‘Participation is a general concept covering different forms of decision-making by a number of involved groups’ (Wulz, 1986).

Participatory design is based on five fundamental points. First, Politics in terms of people who are affected by a decision should have an opportunity to influence it, second, people in terms of being experts of their lives and can have an influential role in design, third, context in terms of situations, fourth, methods as being the means of users to gain influence and fifth, product in terms of the final goal of participatory design. On that final goal is hidden the empowering quality of life that participatory design is meant to offer (Halskov & Hansen, 2014), Throughout the literature, participatory planning can be organized through three main thematics consisting of varying approaches. First, motives/objectives of deciding to engage participatory design, then degrees of participation that may occur, and third types of participants that get involved in terms of networks and scale.


The primary motivation of participatory design, back in the Scandinavian context of 1960-1970, was linked to ‘the democratization of work life’ (Schuler & Namioka, 1993, p. 251). It has emerged, as a reaction to the ‘mismanagement of the physical environment’ (Sanoff, 2006, p. 140) and as an attempt to improve the quality of design and planning. Today the democratic and pragmatic efforts of participatory design seems to be shifting perspectives (Sanoff, 2006). Elizabeth Sanders argues that before someone attempts to customize participatory tools and techniques, should firstly be able to understand the purpose and the context of participation (Sanders, Brandt, & Binder, 2010, p. 196). Even though participatory literature offers a plethora of approaches, the core motivations of participatory researchers and practitioners have been identified and clustered the following three areas: (a) ethics (democracy), (b) curiosity (theory), and (c) economy (pragmatic) (Bergvall-Kåreborn & Ståhlbrost, 2008, p. 103).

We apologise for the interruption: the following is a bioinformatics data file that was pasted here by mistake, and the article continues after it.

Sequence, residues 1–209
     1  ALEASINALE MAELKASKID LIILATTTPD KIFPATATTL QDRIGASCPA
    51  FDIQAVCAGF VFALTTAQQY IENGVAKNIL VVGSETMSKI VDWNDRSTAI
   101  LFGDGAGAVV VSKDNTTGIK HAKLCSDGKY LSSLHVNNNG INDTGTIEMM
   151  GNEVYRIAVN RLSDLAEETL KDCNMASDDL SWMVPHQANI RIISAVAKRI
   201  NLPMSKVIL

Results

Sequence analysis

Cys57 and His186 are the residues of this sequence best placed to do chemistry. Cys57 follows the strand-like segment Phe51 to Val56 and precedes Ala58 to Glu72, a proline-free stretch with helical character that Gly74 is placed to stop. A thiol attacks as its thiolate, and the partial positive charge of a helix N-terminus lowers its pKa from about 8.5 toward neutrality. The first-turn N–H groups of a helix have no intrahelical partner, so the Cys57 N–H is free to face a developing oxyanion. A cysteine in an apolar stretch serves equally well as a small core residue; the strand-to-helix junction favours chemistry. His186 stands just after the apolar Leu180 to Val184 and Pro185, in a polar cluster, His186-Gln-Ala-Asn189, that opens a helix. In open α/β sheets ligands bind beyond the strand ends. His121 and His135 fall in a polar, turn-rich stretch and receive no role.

The degree of participation refers to a range of influence that participants have in the decision-making resulting to the final product. The level of participation that is required, it is a matter of ‘subjective intention’ (Andersen et al., 2015). In its two extremes it can be viewed as no participation, where designers make assumptions of users’ needs and requirements, and full participation, based on user-defined criteria of quality (Bergvall-Kåreborn & Ståhlbrost, 2008). The degree of participation can also be described as indirect or direct (Ives & Olson, 1984). However, an alternative reading of degrees of participation offers thematic approaches such as:

  • Design for the users ( 0% Participation)
  • Design with the users ( 16%-85% Participation)
  • Design by the users (100% Participation)

In reality, the evaluation of many participatory research practices is somewhere in between the two extremes, focusing more on design with the users (Bergvall-Kåreborn & Ståhlbrost, 2008, p. 107). However, the given theoretical process, it might provide an insufficient degree of realism that designers need to cope with, due to time and budget constraints. If it is to remain grounded to the practice of design, literature should be able to cope with barriers, and seek understanding beyond its conceptual approaches. Therefore, the current state-of-the-art has been preoccupied with responding to important questions such as:

  • How much participation is enough?
  • How much commitment seems reasonable?
  • How do you keep the participants engaged in the process in the long run of participatory design?
  • Should the reasons of participation be ethical or financial?
  • How do you coordinate multiple views and incentives in participatory dialogues?
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